A to-do Computer Security Guide for Students

Protecting your computer’s information is essential, especially in college. There are many hackers who won’t have to do much to access your bank account * especially if you use wireless predominantly *, so it is important that you have strong cybersecurity skills. Most of the problems you may encounter are caused by bad decisions, so we’ll discuss this extensively. If a high percentage of your actions are based on common sense, then you will have no problems dealing with these issues. Antivirus is another way to keep your computer safe and your information safe. Here you can find helpful tips on solving security issues!


The best way to start is to remember your responsibilities and rights. Knowledge is power, so the more you know, the better. remember this:

  • You must take responsibility for your actions online because you are the only one in control. If you deal with websites that are not good to be scanned, you may damage your cybersecurity and become more vulnerable to attacks. Your personal data is yours to protect, not the property of anyone else, so you need to understand that every action you take may have repercussions.
  • Choosing a reliable password is an important part of this process, so be sure to spend some time brainstorming. It might be your pet’s name and date of birth along with a lot of easy guessing. Think deeper.
  • Don’t click on attractive links. They look attractive for a reason! If you do not know the source of the email, do not click on the links provided within it. Your computer may bruise.
  • What is the target URL for the link? Checking this is very relevant because it tells you a lot about which website you will land on. If the link does not appear reliable, the website may not be worth checking out. You can always see what original websites look like.
  • Before dealing with a website, check to see if it is registered in the online database. If no data is disclosed, you might want to leave that.
  • Get ad blocking because ads can easily interact with your computer!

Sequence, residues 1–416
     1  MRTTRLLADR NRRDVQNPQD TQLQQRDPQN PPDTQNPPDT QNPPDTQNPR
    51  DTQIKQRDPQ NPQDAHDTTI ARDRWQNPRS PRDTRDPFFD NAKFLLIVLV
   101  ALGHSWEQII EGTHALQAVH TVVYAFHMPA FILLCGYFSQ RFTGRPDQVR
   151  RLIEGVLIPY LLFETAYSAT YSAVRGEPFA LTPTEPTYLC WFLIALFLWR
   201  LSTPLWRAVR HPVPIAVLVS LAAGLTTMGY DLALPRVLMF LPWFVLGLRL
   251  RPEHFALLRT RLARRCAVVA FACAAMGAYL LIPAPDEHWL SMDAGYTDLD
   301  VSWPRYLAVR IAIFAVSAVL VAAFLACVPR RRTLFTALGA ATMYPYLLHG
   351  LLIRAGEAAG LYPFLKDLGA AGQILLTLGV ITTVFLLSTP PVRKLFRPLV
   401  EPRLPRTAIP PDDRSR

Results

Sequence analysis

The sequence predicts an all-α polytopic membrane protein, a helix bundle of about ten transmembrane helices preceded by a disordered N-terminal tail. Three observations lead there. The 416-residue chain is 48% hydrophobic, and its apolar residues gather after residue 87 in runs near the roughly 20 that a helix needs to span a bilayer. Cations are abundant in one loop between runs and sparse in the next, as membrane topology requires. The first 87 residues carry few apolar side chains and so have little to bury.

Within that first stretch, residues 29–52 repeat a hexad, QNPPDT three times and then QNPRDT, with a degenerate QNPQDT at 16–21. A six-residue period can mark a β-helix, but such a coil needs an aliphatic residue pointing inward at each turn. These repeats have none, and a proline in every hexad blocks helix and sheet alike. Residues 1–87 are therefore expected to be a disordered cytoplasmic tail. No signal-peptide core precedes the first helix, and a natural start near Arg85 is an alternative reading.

• Get an effective antivirus program to protect you from cyber attacks. Do not install applications that you do not need or want on your computer.
  • The USB drive should be used with care. Accept USB only from those who have verified its accuracy.
  • If you suspect any online activity or abuse of the system, contact the person responsible for it in your office or home. Be sure to report this.

Saving your data on Google Drive

It’s easy to lose your information so backing up it online is a good start. When you work at home or in the classroom, be sure to copy and paste all of your work onto your school’s Blackboard platform. Google Drive is the simplest method for me but your school may be more open to giving you options. This data is only available to your eyes, so even if your computer is hacked, you can still quickly access your information from any other computer. Another option is to use a USB drive to store your data. While this is also a good option, using an online platform would be much cheaper than using any other tool.

About Phishing

Phishing messages are hard to spot, and as I mentioned, they are very attractive. You will likely receive an email stating that you won a trip to Paris for being a good student. If it does, then move on to the process I described above. Ask the question, where did this email come from? Next, check how the site looks. If it doesn’t look accurate or original then don’t click on it. The next thing you should do * if you are still unsure of the accuracy of the email * is to check with your school’s IT office. Contact them to ask if the email is safe to open. If not, delete the email immediately.

Careful with Personal Information

It is very dangerous to share personal information with others, so pay attention to the accounts associated with your phone number. Random people may contact you to introduce them to be someone else; Do not believe them. They will usually request your information, pretending to be from the bank or postal services, and possibly even the tax authority. Remember, these services I mentioned above will never request your personal information over the phone! So, please refuse to answer their questions or hang up.

What do I do if I was attacked?

If you have already been attacked or think you have been attacked, contact your school’s IT office first. Then call the police and your parents. Getting information from you could make your family members * or your community * vulnerable to cyberattacks.


Related Articles

Leave a Reply

Your email address will not be published. Required fields are marked *

Back to top button